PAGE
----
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Inquest to open into Plymouth shooting as questions remain over shotgun licence

Inquest to open into Plymouth shooting as questions remain over shotgun licence
Senior officer leading investigation expected to give evidence

A coroner will today open inquests into the deaths of Plymouth shooter Jake Davison and his five victims.

The hearing is expected to receive evidence from the senior officer leading the investigation for Devon and Cornwall Police.

This morning, senior coroner for Plymouth, Ian Arrow, will formally open the hearings into the deaths of Maxine Davison, 51, Sophie Martyn, 3, her father Lee Martyn, 43, Stephen Washington, 58, and Kate Shepherd, 66.

In a separate hearing in the afternoon, Mr Arrow will open the inquest into the death of apprentice crane operator Jake Davison.

Jake Davison, 22, killed five people and injured two others last Thursday evening in an event that shocked the nation and has sparked calls for further gun control regulation.

Following a six-minute rampage in Keyham, Plymouth, Davison then killed himself.

Devon and Cornwall’s police and crime commissioner Alison Hernandez announced yesterday that she would be assisting the police force in a “fast review” of their firearms licensing procedures.

The force is already under investigation by the Independent Office for Police Conduct (IOPC) over why Jake Davison was in possession of a shotgun and shotgun certificate.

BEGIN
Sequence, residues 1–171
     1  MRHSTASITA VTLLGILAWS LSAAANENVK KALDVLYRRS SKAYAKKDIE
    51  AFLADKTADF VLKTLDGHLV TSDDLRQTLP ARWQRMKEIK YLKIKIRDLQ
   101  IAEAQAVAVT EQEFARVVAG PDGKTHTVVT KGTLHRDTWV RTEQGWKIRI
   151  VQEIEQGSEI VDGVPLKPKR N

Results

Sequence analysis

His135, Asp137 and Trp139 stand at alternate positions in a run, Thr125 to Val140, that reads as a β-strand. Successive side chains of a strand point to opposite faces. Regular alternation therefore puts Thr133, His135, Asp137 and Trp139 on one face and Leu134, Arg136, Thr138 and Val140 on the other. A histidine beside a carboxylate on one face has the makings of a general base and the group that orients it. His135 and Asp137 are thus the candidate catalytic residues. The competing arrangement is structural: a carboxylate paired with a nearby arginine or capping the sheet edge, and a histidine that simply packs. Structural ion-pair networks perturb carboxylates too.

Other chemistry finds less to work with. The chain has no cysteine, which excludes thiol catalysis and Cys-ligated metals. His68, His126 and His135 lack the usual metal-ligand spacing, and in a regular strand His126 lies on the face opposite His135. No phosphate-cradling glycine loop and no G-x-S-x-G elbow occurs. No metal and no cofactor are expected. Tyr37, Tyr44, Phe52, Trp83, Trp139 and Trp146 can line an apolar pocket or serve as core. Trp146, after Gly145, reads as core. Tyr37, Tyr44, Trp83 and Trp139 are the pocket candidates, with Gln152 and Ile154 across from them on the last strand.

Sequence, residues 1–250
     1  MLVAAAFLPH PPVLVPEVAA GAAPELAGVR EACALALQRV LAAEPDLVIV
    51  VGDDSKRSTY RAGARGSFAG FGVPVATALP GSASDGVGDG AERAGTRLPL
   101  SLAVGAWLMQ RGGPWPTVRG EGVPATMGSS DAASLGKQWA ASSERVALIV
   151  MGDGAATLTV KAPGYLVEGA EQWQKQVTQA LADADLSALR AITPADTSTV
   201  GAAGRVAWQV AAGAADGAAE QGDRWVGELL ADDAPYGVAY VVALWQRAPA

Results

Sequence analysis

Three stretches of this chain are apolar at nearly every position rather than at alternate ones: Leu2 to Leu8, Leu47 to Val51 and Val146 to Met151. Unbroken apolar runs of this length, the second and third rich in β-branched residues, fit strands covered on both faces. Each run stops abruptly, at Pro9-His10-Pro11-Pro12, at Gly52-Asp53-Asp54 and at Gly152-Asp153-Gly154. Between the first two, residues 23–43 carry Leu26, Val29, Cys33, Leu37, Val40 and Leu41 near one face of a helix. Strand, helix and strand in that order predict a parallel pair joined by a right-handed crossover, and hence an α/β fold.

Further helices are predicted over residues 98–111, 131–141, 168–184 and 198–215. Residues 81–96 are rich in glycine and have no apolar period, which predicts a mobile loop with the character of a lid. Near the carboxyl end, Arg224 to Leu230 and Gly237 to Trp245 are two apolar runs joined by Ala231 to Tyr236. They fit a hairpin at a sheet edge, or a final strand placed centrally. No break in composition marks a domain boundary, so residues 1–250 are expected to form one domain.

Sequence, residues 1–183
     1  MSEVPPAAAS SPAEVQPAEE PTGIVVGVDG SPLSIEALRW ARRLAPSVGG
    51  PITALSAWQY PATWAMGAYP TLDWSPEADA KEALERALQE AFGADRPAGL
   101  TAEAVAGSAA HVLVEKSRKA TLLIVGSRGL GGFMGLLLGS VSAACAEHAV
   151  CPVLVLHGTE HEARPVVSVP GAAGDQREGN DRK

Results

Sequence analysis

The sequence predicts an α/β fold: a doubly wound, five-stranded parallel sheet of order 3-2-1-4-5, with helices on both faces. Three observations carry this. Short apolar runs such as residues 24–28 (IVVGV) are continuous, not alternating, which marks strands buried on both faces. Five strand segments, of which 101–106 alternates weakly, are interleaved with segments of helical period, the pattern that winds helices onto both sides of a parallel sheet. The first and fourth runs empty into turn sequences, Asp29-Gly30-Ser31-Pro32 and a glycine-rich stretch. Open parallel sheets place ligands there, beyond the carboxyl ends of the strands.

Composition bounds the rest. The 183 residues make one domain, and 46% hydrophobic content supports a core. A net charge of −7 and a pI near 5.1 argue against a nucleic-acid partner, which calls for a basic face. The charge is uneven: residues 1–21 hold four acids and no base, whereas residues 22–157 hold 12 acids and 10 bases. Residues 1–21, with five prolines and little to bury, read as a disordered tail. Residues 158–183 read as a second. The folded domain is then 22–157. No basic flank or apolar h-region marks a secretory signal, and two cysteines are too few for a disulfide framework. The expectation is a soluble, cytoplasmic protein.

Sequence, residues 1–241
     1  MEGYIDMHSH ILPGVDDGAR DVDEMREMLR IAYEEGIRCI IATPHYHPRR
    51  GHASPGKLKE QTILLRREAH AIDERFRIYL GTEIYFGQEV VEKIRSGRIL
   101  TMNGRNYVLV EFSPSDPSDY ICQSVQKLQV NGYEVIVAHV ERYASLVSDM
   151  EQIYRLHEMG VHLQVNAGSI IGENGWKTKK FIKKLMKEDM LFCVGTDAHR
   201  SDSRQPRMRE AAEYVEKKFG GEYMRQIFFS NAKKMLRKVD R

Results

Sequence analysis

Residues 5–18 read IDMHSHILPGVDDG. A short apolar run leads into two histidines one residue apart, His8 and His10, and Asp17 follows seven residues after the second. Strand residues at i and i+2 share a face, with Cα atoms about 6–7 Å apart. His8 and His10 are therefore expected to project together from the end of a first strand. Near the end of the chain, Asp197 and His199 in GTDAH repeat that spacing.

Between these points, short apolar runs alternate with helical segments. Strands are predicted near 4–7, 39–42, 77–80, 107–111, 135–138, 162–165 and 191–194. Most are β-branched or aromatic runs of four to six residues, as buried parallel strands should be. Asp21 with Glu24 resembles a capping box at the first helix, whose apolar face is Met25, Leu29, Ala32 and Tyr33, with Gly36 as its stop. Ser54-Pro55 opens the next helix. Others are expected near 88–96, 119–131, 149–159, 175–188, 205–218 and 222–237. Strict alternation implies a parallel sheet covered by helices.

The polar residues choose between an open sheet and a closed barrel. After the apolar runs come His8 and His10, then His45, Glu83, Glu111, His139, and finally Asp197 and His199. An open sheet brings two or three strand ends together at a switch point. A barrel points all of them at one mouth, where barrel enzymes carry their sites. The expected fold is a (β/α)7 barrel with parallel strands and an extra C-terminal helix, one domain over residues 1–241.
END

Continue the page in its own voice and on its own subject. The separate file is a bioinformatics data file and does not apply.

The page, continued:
The licence and shotgun had been removed from Davison by police in December 2020, following an alleged assault in September of that year. But the force returned the gun to him after he completed an anger management course.

It emerged this week that Jake Davison had received help for his mental health over lockdown.

In a statement, Commissioner Hernandez said: “We must not jump to conclusions about the reasons for these heinous crimes but await the Independent Office of Police Conduct’s investigation, an NPCC led review into the police’s procedures and the coroner’s report as we seek to fully understand what, if any, changes may need to be made into firearms licensing procedures.

“I am assisting the Chief Constable to organise a fast review of the general procedures of firearms licensing in Devon and Cornwall to ensure they are following national guidance correctly.

“We will also be working with Police and Crime Commissioners from around the country to ensure that if there are lessons to be learned these will be shared with colleagues from around the country.”

An IOPC spokesperson said that their investigation will consider “whether relevant law, policy and procedures were followed concerning Mr Davison’s possession of a shotgun”. And also “whether the force had any information concerning Mr Davison’s mental health and if so, if this information was appropriately considered.”